Soon after, he helped launch the UMass ALS Champion Fund to support ALS research being led by Dr. Robert Brown.
Brown said Cellucci was very interested in the research being done at the school and would remember every nuance of a conversation about it six months later.
‘‘He impressed me as being a man of extraordinary integrity,’’ Brown said.
Collins, the chancellor, said Cellucci was very proud of the school and did as much as he could on its behalf, even when his energy was sapped.
‘‘His mind was keen throughout his illness and he worked as hard as anybody I've ever seen to help us succeed at this effort,’’ Collins said. ‘‘It was really pretty extraordinary.’’
Secretary of State John Kerry, until recently a Massachusetts senator, said the former governor had called the state department just a few months ago to advocate for a Massachusetts family, which was ‘‘quintessential Paul Cellucci.’’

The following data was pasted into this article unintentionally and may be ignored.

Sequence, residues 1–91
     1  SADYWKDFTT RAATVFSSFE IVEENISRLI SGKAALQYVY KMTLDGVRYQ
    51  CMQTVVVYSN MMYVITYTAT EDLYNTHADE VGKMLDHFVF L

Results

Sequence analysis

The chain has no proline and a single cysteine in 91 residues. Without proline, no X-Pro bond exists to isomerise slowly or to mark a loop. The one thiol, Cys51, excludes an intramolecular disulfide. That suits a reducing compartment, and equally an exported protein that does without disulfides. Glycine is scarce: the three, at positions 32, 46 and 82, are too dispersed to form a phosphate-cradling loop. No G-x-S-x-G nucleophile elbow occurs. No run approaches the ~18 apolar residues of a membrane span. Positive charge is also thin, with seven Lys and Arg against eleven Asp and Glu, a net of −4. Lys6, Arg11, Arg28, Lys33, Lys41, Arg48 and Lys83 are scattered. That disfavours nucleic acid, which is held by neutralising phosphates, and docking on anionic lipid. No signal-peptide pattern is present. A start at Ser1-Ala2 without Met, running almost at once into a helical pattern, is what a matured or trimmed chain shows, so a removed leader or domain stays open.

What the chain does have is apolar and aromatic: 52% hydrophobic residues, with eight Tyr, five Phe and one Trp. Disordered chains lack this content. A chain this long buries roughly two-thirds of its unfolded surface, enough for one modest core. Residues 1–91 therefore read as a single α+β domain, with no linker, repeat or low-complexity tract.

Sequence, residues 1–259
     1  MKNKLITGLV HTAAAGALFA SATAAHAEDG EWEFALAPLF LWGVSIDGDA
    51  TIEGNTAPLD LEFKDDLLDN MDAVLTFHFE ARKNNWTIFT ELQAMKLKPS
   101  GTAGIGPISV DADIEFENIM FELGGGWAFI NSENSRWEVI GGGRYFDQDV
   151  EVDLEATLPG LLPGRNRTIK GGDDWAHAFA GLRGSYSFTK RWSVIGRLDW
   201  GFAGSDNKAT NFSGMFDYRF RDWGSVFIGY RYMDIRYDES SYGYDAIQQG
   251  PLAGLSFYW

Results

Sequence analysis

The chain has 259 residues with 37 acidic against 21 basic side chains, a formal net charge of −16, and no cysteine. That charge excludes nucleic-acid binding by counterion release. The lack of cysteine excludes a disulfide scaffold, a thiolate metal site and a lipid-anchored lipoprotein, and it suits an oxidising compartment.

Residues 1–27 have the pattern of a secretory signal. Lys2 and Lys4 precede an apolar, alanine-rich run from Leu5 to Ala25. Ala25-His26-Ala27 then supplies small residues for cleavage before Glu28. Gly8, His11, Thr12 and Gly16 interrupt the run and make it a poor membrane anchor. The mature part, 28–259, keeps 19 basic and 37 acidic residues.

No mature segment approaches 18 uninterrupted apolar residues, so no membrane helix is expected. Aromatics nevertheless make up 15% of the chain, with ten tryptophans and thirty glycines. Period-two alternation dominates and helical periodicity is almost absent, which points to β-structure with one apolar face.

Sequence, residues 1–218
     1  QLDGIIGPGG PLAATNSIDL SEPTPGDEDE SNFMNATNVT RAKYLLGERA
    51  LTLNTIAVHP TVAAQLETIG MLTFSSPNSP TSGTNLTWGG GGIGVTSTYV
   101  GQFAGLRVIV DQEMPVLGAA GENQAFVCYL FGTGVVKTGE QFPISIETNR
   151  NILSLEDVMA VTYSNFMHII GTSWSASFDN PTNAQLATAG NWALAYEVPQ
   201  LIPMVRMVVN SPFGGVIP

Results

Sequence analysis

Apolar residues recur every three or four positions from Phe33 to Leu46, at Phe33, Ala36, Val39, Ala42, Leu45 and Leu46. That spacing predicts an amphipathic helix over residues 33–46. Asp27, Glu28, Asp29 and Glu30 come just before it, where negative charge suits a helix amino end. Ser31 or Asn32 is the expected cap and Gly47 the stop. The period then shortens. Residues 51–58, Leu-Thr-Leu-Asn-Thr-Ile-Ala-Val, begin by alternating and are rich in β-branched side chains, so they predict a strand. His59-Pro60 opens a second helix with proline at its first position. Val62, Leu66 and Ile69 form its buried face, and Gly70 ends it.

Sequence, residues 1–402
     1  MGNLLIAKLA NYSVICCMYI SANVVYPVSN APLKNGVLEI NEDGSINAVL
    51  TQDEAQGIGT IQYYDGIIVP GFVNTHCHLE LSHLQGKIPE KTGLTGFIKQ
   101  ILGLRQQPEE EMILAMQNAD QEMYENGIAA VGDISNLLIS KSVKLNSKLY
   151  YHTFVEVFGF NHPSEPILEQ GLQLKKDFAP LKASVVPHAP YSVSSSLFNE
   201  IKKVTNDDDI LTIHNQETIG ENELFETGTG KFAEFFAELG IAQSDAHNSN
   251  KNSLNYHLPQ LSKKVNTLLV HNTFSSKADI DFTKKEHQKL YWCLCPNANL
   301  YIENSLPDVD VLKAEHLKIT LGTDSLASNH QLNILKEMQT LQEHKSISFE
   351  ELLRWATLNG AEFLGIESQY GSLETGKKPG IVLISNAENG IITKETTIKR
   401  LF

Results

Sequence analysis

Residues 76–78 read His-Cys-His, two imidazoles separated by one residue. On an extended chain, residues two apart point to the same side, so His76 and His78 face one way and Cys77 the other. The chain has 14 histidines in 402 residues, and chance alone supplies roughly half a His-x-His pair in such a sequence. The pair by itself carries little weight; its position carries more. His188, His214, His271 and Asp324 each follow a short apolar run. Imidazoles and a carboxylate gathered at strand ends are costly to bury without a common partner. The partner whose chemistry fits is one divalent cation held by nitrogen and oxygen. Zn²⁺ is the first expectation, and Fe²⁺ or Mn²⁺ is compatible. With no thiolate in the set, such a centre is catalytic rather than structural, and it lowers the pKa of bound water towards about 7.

‘‘He always had time to ask about your family, and always had a twinkle in his eye about the great journey he'd taken from Hudson to the governor’s office and on to representing America in Canada,’’ Kerry said. ‘‘I can’t help but think of the final high standard Paul set in the way he battled ALS. The twinkle was still there, even from his wheelchair.’’
Canadian Foreign Minister John Baird called Cellucci ‘‘a great friend to Canada’’ who served ‘‘as the top American diplomat ... at critical time of 9/11 and its aftermath.’’
‘‘We are grateful for his contributions to the bilateral relationship, both as ambassador and as governor of Massachusetts,’’ Baird said.
Cellucci is survived by his wife, Jan, their daughters Kate and Anne, and four grandchildren.
Associated Press writer Steve LeBlanc contributed to this report.